introduction to the interview technique, see Rosenthal 1997 and Riemann 2003.
On the narrative interview technique, see Schütze 1977, Fischer-Rosenthal and Rosenthal 1997.
For detailed discussions of the necessary elements of the narrative, see especially Schütze 1984 and
Alheit 1993.
(b) the process structures in which institutional expectations are in the foreground, (c)
the process structures of trajectory, which indicate a potential loss of control over the
life because of extraneous conditions, and (d) process structures which suggest an
unexpected or unaccountable turn towards a creative transformation in the biography.
The process structures correspond to experiences and are represented in distinctive
ways in the course of biographical accounts.
The idea of reconstruction of factual courses from biographical narratives is a main
critical point in discussions of Schütze’s theoretical model. The arguments against the
biographical research perspective still insist on the main methodological premises: on
the one hand, the specific focus on narrative material, and on the other hand the
research logic of generalising from the biographical analysis of a single case. Among
others, in the German context Heinz Bude’s `homology critique` criticises the
acceptance of the homology of experience and narration which he sees in Schütze’s
model. According to Bude, Schütze’s model includes the premise that the
autobiographical unprepared extempore narrative is seen as a truly reproductive
recapitulation of past experience (Bude 1985: 331). Gabriele Rosenthal repudiates
Bude’s critique, pointing out that Schütze in no way, as Bude implies, bases his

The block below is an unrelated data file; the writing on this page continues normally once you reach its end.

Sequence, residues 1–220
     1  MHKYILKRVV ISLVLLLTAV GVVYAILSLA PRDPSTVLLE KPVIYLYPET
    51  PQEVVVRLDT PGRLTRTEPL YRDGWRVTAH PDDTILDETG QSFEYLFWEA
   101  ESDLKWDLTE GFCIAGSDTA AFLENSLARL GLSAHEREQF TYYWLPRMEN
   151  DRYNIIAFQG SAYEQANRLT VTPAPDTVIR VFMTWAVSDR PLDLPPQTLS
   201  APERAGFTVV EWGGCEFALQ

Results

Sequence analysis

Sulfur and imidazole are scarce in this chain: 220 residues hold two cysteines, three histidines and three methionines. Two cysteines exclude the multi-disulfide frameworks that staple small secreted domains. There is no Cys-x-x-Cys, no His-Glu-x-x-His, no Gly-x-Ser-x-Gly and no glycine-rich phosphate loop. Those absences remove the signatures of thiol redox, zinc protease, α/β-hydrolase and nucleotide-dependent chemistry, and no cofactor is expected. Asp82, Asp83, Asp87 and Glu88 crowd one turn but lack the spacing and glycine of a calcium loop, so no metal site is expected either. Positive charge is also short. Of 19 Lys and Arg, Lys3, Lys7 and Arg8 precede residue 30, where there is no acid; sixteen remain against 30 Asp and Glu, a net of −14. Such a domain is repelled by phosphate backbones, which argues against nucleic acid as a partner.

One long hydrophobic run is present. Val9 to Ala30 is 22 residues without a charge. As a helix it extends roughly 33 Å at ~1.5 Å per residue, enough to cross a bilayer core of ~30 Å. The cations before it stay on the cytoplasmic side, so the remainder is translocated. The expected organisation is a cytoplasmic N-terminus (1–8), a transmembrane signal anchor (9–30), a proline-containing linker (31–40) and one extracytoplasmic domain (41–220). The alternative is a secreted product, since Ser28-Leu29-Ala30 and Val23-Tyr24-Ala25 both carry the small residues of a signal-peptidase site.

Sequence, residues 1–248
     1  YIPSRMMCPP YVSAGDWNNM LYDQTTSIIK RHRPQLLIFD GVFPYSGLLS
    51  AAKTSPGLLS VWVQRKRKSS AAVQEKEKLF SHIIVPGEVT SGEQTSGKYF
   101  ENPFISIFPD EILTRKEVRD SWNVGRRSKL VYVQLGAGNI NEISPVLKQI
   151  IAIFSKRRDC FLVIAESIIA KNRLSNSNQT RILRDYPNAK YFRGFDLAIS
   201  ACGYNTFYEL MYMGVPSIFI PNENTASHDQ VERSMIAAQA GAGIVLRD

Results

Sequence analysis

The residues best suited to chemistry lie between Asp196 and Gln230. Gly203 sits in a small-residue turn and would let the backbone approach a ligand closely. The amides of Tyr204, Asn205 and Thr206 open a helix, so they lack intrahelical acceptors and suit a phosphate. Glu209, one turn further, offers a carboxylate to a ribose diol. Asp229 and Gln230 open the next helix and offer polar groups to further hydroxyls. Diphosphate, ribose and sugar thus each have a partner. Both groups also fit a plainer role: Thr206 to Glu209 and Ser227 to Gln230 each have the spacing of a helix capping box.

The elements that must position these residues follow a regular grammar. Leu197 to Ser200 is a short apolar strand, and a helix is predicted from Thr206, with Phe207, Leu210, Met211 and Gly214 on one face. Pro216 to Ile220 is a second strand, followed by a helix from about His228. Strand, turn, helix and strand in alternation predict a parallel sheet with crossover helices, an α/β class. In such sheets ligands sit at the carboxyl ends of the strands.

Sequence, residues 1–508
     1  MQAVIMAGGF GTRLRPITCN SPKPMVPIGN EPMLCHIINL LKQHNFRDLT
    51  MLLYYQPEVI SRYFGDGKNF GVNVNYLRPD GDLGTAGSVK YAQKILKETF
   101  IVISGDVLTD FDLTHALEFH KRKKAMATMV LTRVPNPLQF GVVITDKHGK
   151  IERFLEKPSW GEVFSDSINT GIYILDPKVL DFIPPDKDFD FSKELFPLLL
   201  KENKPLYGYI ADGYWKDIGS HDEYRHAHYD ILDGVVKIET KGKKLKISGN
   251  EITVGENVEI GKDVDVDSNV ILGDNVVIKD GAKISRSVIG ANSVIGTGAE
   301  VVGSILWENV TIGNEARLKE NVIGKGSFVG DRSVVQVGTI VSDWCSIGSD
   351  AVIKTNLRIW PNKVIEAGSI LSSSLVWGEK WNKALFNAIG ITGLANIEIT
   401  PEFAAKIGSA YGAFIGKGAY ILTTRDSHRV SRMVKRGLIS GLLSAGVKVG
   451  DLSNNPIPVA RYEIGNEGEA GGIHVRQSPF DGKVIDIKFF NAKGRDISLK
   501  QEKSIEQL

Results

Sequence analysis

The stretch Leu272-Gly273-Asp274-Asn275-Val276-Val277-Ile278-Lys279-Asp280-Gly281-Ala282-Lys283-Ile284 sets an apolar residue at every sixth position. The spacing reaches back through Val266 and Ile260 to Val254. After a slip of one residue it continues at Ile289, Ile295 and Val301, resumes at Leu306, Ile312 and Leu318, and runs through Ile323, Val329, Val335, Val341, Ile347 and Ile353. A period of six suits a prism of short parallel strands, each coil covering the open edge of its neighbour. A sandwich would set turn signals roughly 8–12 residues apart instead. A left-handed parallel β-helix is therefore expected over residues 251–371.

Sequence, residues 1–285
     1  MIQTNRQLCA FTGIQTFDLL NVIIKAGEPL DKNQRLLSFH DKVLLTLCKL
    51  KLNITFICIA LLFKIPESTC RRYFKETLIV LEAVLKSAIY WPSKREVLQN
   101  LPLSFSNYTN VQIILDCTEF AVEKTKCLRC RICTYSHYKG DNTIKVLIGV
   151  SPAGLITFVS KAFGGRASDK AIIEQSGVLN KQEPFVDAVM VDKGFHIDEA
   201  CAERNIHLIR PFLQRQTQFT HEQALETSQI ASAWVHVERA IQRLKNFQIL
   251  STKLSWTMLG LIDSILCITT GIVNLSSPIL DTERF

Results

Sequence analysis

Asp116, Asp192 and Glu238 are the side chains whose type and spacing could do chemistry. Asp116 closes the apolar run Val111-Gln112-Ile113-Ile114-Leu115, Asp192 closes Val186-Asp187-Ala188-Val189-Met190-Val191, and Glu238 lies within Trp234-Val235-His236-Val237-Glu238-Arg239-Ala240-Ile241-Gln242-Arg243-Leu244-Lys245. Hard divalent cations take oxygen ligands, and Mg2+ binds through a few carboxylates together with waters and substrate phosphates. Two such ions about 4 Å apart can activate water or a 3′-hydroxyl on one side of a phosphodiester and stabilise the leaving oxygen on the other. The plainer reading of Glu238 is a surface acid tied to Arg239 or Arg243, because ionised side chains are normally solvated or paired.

approach on a homology, but rather on the structure of biographical narration as ‘the
structure of remembered life history experience building’ (Rosenthal 1993: 132).
2.2. Key principles of biographical analysis
In biographical research, there is not only one single method bound to a particular
theoretical position but different ways of doing biographical analysis. Most of the
empirical studies in biographical migration research are rooted in the tradition of
phenomenological narration analysis and objective hermeneutics10 (e.g. Apitzsch
1990, Gültekin 2003, Ricker 2000, Dabagzi 2004, Lanfranchi 1993, Schröter 1997).
In recent years the method of ‘hermeneutic/biographical case reconstruction’
(following Fischer-Rosenthal and Rosenthal 1997) has also been used in the field of
Migration Studies (e.g. Breckner 2005, Juhasz and Mey 2003). This is partly based on
the methods of narration analysis and objective hermeneutics, combined with Aaron
Gurwitch’s theory of ‘Gestalt’ (Gestalttheorie).
Despite the theoretical differences, phenomenological narration analysis, objective
hermeneutics, and the method of hermeneutic case reconstruction have in common the
fact that they are case reconstructive procedures which make it possible to analyse the
interconnections between individual and institutional aspects of social reality in the
context of biography and action (see Wohlrab-Sahr 2000).
The method of objective hermeneutics, as such, is in its self-understanding not exclusively an
analytical procedure for biographical-narrative interviews but a strictly analytical, objective method of
the unbroken development and reconstruction of objective sense and meaning structures (Oevermann et
al. 1979). The methodology of objective hermeneutics is based on different theoretical concepts. In
addition to French structuralism, especially that of Claude Lévi-Strauss, Ulrich Oevermann has
integrated the pragmatist-naturalist approach of George Herbert Meads, Jean Piaget’s interactive
constructivism, Charles S. Peirce’s pragmatism, Freudian psychoanalysis, Karl Popper’s falsification
theory , Noam Chomsky’s theory of grammar, and John R. Searle’s and John Austin’s speech act